Study links aerobic fitness, thinner gray matter, and better math skills in kids
A study reveals that 9 and 10 year-old children who are aerobically fit tend to have significantly thinner gray matter than their “low-fit” peers. Thinning of the outermost layer of brain cells in the cerebrum is associated with better mathematics performance, researchers report in PLOS ONE.
The study suggests, but does not prove, that cardiorespiratory fitness contributes to gray matter thinning, a normal process of child brain development. The study also offers the first evidence that fitness enhances math skills by aiding the development of brain structures that contribute to mathematics achievement.
“Gray-matter loss during child development is part of healthy maturation,” said University of Illinois postdoctoral researcher Laura Chaddock-Heyman, who led the research. “Gray-matter thinning is the sculpting of a fully formed, healthy brain. The theory is that the brain is pruning away unnecessary connections and strengthening useful connections.”
Previous studies have shown that gray-matter thinning is associated with better reasoning and thinking skills, Chaddock-Heyman said. “We show, for the first time, that aerobic fitness may play a role in this cortical thinning,” she said. “In particular, we find that higher-fit 9- and 10-year-olds show a decrease in gray-matter thickness in some areas known to change with development, specifically in the frontal, temporal and occipital lobes of the brain.”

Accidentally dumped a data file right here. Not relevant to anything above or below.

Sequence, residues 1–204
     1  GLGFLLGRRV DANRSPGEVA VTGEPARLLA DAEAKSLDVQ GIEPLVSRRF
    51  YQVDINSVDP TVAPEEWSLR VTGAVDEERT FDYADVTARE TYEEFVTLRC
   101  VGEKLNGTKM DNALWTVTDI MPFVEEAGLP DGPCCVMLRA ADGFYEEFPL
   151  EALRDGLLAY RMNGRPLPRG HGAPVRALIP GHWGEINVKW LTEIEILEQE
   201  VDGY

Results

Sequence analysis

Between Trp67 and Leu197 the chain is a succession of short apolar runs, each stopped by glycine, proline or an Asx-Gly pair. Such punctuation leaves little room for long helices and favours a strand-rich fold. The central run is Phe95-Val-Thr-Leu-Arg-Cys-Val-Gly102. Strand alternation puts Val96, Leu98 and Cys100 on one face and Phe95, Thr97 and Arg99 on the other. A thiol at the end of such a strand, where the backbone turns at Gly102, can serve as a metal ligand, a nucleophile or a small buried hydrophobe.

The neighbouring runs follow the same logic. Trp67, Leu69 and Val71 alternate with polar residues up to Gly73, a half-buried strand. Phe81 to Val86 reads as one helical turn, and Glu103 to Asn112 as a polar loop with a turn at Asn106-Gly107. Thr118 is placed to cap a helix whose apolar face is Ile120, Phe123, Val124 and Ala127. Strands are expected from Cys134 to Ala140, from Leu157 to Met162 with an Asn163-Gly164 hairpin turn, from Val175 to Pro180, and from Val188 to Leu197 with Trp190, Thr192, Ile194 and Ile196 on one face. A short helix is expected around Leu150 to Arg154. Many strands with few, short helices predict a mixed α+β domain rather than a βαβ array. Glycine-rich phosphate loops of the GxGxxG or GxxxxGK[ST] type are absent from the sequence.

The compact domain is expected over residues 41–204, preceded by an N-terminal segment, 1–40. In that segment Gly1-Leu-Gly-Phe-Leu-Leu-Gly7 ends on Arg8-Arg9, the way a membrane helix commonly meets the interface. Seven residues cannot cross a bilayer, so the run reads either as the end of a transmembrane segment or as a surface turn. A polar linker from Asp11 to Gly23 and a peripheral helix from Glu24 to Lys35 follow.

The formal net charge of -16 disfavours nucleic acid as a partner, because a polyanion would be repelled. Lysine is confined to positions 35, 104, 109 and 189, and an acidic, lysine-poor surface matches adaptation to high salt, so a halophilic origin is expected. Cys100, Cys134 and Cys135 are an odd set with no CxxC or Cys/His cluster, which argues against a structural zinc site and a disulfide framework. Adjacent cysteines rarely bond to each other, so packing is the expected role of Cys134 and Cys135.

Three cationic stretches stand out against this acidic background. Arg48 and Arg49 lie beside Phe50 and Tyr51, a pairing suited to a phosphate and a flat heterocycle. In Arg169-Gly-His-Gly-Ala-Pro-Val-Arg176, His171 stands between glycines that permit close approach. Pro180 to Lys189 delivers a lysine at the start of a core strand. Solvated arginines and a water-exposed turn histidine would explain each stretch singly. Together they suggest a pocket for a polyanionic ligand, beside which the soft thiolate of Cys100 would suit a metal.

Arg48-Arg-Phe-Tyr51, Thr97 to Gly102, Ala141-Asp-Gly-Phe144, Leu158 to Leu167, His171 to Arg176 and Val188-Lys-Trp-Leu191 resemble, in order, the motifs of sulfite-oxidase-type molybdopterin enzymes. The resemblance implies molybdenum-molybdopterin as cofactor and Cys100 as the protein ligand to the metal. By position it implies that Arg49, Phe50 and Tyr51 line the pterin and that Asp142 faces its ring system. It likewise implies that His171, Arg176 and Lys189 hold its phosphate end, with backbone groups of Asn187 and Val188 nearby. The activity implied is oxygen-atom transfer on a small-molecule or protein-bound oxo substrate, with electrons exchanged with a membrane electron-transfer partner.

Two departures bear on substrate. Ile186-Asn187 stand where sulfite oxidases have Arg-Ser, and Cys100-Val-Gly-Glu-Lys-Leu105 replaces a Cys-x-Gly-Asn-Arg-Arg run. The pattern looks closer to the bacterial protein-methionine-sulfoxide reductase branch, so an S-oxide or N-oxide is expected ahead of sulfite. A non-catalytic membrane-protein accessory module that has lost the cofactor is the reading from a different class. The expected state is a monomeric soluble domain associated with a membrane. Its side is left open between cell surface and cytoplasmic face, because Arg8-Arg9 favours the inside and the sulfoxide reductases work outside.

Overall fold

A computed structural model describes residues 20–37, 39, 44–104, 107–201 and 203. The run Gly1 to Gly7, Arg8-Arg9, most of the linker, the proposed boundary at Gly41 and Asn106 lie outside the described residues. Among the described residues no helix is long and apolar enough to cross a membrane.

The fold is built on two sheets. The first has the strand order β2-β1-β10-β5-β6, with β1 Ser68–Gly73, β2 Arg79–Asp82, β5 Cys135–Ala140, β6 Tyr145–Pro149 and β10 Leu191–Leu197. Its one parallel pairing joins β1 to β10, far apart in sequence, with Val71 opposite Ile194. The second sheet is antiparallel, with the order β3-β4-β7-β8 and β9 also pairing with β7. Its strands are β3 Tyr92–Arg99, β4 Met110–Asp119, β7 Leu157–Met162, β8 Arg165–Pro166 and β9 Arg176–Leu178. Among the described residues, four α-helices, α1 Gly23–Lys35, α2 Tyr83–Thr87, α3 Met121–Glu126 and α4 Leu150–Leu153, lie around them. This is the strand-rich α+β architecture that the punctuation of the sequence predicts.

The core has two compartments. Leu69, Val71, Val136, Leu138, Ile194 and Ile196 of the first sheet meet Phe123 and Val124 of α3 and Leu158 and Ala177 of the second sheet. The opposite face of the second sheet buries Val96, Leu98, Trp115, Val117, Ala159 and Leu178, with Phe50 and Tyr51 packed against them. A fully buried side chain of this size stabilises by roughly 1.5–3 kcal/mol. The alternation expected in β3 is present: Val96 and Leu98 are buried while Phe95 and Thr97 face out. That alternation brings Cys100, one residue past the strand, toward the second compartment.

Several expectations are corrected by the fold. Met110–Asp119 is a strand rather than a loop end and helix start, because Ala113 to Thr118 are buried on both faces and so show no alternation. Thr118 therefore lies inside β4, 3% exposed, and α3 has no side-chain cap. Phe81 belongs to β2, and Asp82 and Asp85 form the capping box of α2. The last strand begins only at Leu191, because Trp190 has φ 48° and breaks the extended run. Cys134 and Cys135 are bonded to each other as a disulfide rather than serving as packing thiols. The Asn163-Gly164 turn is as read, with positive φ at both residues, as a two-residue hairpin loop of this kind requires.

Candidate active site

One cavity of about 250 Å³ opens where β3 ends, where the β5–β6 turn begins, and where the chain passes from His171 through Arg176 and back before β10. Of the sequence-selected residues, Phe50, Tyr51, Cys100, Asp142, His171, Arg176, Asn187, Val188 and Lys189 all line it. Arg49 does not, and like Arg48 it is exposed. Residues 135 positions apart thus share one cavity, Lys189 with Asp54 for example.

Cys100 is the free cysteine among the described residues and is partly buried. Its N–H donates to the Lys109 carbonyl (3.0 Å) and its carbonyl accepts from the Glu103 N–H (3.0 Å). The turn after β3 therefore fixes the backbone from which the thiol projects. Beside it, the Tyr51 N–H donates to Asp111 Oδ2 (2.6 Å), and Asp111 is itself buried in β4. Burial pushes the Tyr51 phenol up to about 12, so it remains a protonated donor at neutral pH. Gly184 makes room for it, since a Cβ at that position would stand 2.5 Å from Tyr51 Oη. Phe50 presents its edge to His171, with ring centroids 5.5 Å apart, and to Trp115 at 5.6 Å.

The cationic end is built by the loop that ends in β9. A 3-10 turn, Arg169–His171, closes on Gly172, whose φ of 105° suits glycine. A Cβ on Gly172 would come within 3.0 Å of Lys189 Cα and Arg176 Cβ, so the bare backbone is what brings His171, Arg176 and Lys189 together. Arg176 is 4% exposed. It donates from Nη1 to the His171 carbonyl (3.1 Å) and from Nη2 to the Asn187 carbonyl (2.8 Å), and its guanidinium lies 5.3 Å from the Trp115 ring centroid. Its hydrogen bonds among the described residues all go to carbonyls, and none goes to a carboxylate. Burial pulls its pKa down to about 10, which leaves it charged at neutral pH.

The analysis included 48 children, all of whom had completed a maximal oxygen-uptake fitness test on a treadmill. Half of the children (the higher-fit kids) were at or above the 70th percentile for aerobic fitness, and half (the lower-fit kids) were at or below the 30th percentile. The researchers imaged the children’s brains using fMRI, and tested their math, reading, and spelling skills using the Wide Range Achievement Test-3, which correlates closely with academic achievement in these fields.
The team found differences in math skills and cortical brain structure between the higher-fit and lower-fit children: thinner gray matter corresponded to better math performance in the higher-fit kids. But they did not find significant fitness-associated differences in reading or spelling aptitude.